The Financial Services Authority (OJK) has told shareholders in the banking industry to brace for hard times ahead as the national economy is facing growing pressure on global uncertainty.
The regulator issued the warning as it was monitoring dwindling capital in several banks due to ongoing economic pressure, said Nelson Tampubolon, OJK commissioner for banking supervision. "We have communicated with shareholders of banks to cautiously overcome this situation and asked them to be prepared for risks," Nelson told reporters after a meeting with House of Representatives Commission XI on Monday.
Despite ongoing rupiah depreciation, Nelson said, the OJK believed that a number of macroeconomic indicators remained under control as banks had performed long-term and multi-phase "stress tests" to examine their endurance under the worst conditions.
Nelson said the financial regulator would remind banks to hold additional stress tests if there was a worrying decrease in capital adequacy ratios (CAR), which have been set at a general minimum threshold of 8 percent.
"Banks should consider increasing their capital if their stress tests indicate that ongoing rupiah depreciation in the near time will affect their CAR heavily," Nelson said.
Although the minimum CAR threshold is at 8 percent, Nelson said, banks with higher risk profiles should consider maintaining their CAR above 9, 10 and 14 percent if their "level of financial health" stood at a level four or five, which meant they were at high risk.
OJK's Indonesian banking statistics (SPI) show that average CAR in the country's commercial banking industry stood at 20.79 percent as of April 2015, increased from 19.33 percent in the same month last year.
However, CAR in April decreased since February with an average decline of 23.5 basis points (bps), the statistics revealed. Bank Internasional Indonesia (BII) finance director Thilagavathy Nadason said the lender planned to conduct a new stress test after the rupiah depreciated to below Rp 14,000 per US dollar on Monday.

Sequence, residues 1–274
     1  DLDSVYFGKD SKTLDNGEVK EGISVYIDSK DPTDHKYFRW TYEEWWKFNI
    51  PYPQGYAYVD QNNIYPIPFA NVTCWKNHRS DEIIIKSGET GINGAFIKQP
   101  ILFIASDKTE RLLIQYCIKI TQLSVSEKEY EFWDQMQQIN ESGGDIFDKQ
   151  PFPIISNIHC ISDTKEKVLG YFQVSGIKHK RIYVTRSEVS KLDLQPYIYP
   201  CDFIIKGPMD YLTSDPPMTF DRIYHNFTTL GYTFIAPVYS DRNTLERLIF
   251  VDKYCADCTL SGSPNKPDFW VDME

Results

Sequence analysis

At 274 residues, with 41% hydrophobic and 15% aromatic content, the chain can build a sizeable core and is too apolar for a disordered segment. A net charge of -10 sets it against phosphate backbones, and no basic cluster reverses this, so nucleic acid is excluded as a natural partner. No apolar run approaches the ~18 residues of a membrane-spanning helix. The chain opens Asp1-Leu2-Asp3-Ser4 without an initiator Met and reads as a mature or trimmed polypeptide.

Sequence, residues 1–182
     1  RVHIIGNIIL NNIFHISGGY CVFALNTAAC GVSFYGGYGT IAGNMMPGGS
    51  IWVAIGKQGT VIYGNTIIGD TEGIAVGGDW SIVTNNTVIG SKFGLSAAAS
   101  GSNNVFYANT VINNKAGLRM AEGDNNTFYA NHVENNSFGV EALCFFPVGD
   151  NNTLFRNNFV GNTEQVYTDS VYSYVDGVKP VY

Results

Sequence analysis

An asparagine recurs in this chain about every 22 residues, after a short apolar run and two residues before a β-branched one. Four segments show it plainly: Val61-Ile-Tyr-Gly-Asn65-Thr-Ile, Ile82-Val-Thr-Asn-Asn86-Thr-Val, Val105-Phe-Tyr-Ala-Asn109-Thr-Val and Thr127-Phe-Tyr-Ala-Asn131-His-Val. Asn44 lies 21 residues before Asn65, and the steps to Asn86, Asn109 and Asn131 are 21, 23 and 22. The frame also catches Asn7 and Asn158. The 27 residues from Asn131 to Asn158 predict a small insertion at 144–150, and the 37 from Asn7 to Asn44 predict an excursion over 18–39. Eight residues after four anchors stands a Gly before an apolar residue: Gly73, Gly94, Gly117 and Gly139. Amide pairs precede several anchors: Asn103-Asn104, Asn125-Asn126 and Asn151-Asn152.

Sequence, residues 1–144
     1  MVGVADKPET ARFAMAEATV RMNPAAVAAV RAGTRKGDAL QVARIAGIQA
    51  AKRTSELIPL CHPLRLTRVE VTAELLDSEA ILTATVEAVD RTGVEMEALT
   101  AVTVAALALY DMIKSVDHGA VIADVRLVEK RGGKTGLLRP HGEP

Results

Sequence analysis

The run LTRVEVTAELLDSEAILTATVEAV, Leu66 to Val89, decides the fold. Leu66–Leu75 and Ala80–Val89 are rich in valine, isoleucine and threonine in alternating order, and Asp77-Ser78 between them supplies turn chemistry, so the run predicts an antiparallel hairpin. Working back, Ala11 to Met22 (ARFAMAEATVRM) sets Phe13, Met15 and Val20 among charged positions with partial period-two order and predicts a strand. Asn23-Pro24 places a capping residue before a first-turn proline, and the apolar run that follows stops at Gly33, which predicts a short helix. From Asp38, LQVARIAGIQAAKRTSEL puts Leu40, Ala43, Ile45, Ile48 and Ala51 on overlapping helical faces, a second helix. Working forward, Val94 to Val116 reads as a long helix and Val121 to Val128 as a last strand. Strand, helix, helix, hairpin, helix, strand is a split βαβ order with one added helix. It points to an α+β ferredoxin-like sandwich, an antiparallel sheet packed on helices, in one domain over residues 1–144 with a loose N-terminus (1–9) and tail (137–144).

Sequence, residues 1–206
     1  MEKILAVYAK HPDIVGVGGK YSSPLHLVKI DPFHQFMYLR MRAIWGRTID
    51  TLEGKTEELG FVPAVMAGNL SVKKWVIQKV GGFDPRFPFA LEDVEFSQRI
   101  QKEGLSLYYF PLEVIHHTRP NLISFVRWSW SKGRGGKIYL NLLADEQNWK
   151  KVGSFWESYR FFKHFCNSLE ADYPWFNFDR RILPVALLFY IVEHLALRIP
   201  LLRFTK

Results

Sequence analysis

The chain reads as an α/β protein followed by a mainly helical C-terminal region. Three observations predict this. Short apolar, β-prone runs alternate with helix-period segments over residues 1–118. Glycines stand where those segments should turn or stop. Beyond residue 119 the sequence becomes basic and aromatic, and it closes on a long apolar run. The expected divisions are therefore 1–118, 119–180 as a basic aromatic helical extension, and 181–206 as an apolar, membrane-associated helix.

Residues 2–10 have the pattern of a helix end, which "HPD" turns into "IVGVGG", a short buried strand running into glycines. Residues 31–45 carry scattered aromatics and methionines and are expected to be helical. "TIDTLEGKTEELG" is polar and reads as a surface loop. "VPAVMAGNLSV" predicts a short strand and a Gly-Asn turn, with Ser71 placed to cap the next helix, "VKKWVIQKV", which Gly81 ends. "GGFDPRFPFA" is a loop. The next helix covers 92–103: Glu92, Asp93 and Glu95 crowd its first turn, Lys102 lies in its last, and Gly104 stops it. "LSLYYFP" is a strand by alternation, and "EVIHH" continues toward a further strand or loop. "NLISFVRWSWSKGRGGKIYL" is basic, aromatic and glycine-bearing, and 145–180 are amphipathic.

The Rp 14,000 level was one of the bank's worst scenarios of currency depreciation in the previous examinations six weeks to two months ago, Nadason said. The lender's CAR is 15.6 percent.
"Our worst case scenario will probably reach Rp 16,000 per US dollar in the next test. However, we want to remind business communities not to panic, because the current situation is different from the 2008 financial crisis," Nadason said.
Bank Central Asia (BCA) president director Jahja Setiaatmadja recently said as the country's third-largest bank, the lender's financial performance would be resilient enough to face rupiah depreciation as it had minimal exposure to dollar-denominated loans.
According to Jahja, BCA has learned a lot from its experience in the 1998 financial crisis, when the share of dollar-denominated loans in the total portfolio touched 35 percent, which significantly affected the bank's financial performance. The bank then reduced the quantity of dollar loans to reduce the risk of a second crisis.
BCA took part in a stress test recently conducted by the OJK to gauge the impact rupiah depreciation on its financial performance. The test was based on a simulation of what would happen if the rupiah fell to Rp 14,000 per dollar.